Compression socks and sleeves have gotten a fair amount of attention lately. They’ve been popular with people who spend a lot of time on their feet or are bedridden – both have concerns about proper circulation. In recent years, however, compression has become popular with athletes.
How does compression work?
A high-quality compression sock or sleeve applies direct, gentle pressure to a specific area of the body. Compression helps to improve circulation and ensures more oxygen gets to the muscles or back to the heart.
Help to heal.
Our feet and ankles carry our bodies, meaning they bear the brunt of our weight. That stress can make them particularly prone to poor circulation, which can lead to swelling and pain. It can be a domino effect! The pressure of compression, however, helps to ensure proper circulation so that the oxygen carried by blood reaches where it needs to go. That’s what makes them so popular with people who spend a lot of time on their feet, sit for long periods, or are bedridden.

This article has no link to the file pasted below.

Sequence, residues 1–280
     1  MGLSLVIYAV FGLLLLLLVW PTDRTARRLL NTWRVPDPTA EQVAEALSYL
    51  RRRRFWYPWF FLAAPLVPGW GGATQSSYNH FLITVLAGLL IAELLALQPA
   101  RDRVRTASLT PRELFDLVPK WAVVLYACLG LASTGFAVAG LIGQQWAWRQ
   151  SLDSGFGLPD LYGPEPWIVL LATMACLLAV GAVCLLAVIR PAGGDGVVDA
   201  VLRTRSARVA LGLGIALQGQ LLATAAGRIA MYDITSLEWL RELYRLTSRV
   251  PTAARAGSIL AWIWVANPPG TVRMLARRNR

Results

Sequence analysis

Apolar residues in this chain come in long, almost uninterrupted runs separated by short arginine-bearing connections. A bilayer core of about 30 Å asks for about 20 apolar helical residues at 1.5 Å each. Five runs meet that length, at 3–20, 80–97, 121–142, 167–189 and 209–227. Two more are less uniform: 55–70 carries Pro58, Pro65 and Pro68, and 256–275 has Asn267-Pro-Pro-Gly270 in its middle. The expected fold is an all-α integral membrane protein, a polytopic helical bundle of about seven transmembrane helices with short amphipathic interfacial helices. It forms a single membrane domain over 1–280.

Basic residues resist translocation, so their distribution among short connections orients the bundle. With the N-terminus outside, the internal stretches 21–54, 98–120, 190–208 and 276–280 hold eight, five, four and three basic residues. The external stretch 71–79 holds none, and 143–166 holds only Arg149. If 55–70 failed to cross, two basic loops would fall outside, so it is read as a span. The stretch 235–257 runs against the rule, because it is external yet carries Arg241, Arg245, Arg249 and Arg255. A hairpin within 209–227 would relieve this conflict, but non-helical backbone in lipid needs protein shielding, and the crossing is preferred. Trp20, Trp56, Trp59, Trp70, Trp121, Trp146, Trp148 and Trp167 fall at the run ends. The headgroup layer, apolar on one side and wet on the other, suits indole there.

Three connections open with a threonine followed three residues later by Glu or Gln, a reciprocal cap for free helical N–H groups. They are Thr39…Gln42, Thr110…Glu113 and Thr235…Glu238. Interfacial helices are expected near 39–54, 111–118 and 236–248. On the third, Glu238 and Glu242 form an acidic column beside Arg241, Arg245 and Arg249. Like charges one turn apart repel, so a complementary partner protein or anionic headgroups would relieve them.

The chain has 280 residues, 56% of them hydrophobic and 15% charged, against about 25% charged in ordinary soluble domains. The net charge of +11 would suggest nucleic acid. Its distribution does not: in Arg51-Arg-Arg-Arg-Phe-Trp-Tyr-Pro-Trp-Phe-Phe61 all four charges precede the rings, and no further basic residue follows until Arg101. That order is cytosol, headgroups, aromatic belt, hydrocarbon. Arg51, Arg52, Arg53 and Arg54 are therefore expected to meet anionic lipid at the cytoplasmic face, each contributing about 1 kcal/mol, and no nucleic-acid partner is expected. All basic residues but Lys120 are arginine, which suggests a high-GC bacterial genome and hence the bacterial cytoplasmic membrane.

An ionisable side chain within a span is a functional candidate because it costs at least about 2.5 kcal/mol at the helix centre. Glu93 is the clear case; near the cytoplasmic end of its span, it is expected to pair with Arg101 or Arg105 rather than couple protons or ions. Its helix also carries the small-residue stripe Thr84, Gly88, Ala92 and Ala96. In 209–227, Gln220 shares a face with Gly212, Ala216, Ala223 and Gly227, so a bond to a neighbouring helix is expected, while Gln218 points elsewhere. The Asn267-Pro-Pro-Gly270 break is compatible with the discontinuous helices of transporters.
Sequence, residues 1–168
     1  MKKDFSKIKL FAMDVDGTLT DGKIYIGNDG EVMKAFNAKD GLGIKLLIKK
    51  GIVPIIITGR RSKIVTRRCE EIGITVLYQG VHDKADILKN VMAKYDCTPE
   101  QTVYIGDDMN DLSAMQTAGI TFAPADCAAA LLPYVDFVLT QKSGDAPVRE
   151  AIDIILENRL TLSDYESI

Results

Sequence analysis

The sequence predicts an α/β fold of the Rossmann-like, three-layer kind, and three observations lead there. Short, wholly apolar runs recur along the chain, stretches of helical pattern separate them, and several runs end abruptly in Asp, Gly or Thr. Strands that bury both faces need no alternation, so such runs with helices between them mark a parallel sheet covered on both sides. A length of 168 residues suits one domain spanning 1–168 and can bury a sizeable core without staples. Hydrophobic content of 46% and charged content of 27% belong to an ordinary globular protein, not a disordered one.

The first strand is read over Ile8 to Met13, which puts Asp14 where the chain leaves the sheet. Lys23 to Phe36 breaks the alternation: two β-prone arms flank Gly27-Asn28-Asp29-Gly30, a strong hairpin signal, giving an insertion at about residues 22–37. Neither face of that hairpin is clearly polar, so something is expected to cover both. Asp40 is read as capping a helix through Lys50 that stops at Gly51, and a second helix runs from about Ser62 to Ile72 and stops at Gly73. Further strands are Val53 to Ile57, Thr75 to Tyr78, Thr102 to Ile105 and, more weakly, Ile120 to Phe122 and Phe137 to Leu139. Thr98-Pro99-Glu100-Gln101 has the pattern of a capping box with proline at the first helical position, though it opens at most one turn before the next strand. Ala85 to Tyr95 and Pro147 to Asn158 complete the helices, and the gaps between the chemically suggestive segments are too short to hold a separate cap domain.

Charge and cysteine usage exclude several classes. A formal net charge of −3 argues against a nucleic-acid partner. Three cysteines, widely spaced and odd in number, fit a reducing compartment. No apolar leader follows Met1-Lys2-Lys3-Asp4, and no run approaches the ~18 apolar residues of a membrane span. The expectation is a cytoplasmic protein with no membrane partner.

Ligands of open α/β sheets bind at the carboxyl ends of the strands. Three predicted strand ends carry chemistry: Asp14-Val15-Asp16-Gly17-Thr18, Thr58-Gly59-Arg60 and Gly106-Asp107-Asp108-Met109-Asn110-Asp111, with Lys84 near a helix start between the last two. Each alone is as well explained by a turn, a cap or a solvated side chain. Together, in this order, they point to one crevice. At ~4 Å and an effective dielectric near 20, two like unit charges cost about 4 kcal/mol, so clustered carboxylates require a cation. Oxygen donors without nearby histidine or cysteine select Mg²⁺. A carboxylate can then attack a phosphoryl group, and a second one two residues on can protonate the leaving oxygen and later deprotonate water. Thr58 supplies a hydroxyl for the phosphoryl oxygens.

But compression can be beneficial for athletes for two reasons.
- If you’re recovering from an injury, proper circulation is vital for healing. The nutrients and oxygen in the blood help repair muscle. Wearing a compression item can help push critical nutrients to your muscles. Some athletes make them a regular part of their daily routine to help with recovery.
- Some athletes will wear compression for sore muscles. They either wear them at night to help with soreness or help prevent it.
Compression can be made a regular part of your workout and wellness routines, just as you would a healthy diet, stretching, and safe exercises. Some athletes wear them while training, while others wear them while stretching after they workout to ensure better circulation.
There are three types of compression socks to consider:
- A low profile compression sock can be everyday wear targeting your feet to help avoid swelling.
- Midrise compression socks add more support and circulation.
- A calf compression sock can better address circulation throughout the entire leg and lower body.
You can also try a compression arm sleeve if you have issues with your elbow!